Negative Space, Perspective – 1

By | February 2, 2014
Intersecting of lines, Perspective, The Golden Ratio, Negative Space, Positive Shapes.

Intersecting of lines, Perspective, The Golden Ratio, Negative Space, Positive Shapes.

About art from the notebook is meant to be a resource to solve problems, to analyse paintings or to investigate how artists have composed their work.
The most important thing to do when creating images is to move from depicting to creating an image. This means that you consciously use the objects’ various parts to make the whole of an image to create art.
The composition and structure is the core of a painting. You could say that there are two main blocks which are used – colour and structure – which creates an image.

The golden ratio – golden cut

The golden cut is a principle to split a line or area so that the smaller part relates to the larger part like the larger part relates to the whole.
The golden cut has been considered a formula for the absolute most harmonic dividing, and has been used widely within art. The relation equals 5:8.
The standard format for canvases is built on this principle.


Negative Space - Positive ShapesNegative Space - Positive ShapesNegative Space - Positive Shapes

Negative Space – Positive Shapes

Space that appears in a painting which is called negative is just as important, if not even more important than positive shapes, for the creation of a painting.
To draw the negative space is a way to avoid one’s symbol systems.


Intersecting of lines

The intersecting points create depth and are important to describe shapes. It is vital to a drawing and it is important to get it right. In model drawing, portraits, landscapes etc, it is present at the most crucial parts of the drawing.

Intersecting of lines
Above you can see an example to help you along. To the left, you see depth and to the right you can see the mistakes (weird intersecting of lines).

Intersecting of lines

Example 1 – Michelangelo Buonarroti (1475–1564)

Intersecting of lines

Example 2 – Willem Claesz (1594-1680)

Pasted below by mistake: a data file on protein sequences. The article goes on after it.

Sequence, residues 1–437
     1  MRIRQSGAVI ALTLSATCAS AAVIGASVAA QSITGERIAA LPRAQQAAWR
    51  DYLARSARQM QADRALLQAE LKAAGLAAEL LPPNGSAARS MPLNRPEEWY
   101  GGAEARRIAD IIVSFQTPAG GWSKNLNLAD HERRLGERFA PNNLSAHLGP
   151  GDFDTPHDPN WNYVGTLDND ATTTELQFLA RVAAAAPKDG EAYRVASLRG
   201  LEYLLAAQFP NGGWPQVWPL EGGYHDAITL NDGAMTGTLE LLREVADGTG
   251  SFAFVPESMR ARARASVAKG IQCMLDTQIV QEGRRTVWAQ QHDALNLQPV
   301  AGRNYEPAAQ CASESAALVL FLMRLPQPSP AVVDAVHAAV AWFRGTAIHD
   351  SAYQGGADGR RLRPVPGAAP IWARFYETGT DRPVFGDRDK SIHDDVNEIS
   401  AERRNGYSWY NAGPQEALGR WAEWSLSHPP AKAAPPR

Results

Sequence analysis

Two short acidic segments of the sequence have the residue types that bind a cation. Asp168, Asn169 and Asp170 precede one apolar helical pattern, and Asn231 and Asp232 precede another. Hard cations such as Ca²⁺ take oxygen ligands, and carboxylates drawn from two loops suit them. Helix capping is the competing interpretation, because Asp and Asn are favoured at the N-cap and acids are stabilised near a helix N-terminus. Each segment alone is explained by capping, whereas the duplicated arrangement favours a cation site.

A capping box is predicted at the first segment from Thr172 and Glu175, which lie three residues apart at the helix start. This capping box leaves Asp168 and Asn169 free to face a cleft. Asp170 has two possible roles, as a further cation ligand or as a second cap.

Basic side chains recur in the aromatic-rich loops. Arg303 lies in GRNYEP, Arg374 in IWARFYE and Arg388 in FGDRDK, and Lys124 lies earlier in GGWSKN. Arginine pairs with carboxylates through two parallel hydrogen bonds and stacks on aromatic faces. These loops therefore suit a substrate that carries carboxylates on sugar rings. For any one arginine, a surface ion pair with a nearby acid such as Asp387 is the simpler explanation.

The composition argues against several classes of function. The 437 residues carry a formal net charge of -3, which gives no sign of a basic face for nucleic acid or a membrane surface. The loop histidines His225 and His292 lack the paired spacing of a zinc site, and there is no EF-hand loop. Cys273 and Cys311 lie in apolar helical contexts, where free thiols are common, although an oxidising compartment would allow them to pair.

Intersecting of lines

Example 3 – Théodore Géricault (1791–1824)


A short course on perspective

Perspective is, within art, a system to depict three dimensional objects on a flat surface. The word perspective comes from perspicere which means ‘to look at closely’.

You can divide the perspective science into four parts:
Line perspective = the object’s apparent shape
Shadow perspective = the shape of shadows
Mirror perspective = how mirror images appear
Air perspective = how the colours change

Behind the laws of perspective are the basic observations that objects far away appear smaller than objects which are closer, and parallel lines seem to meet at a far distance in one or more points.
The image is created as if it were drawn on a piece of glass between the artist and the motif.

Line perspective = the object’s apparent shape
Single Point Perspective

Single Point Perspective

When creating a three-dimensional image on a two-dimensional surface you can use one of several different techniques. The most common method is the central perspective, Single Point Perspective or One Point Perspective, which is based on a joint starting point for all parallel lines in the image.

Two-point perspective

Two-point perspective


Value perspective – Hierarchical perspective

Value perspective means that the most important, for example the person with higher rank, is made larger than everything else.
The size of the objects does not tell you the distance. Value perspective is based on subjective proportions rather than objective or exact measurements.

Value perspective - Hierarchical perspective


Dissolving the central perspective

During the end of the 1800s artists such as Cezanne started dissolving the central perspective and working with a displacement of the perspective in his paintings.
The central perspective is a construction and what Cezanne wanted to achieve was a larger presence and images which showed how one see motifs which are close up.
In the example the lines of the perspective are leading towards the observer. If you put a book in front of you on a desk you will be able to see this effect.

Dissolving the central perspective Dissolving the central perspective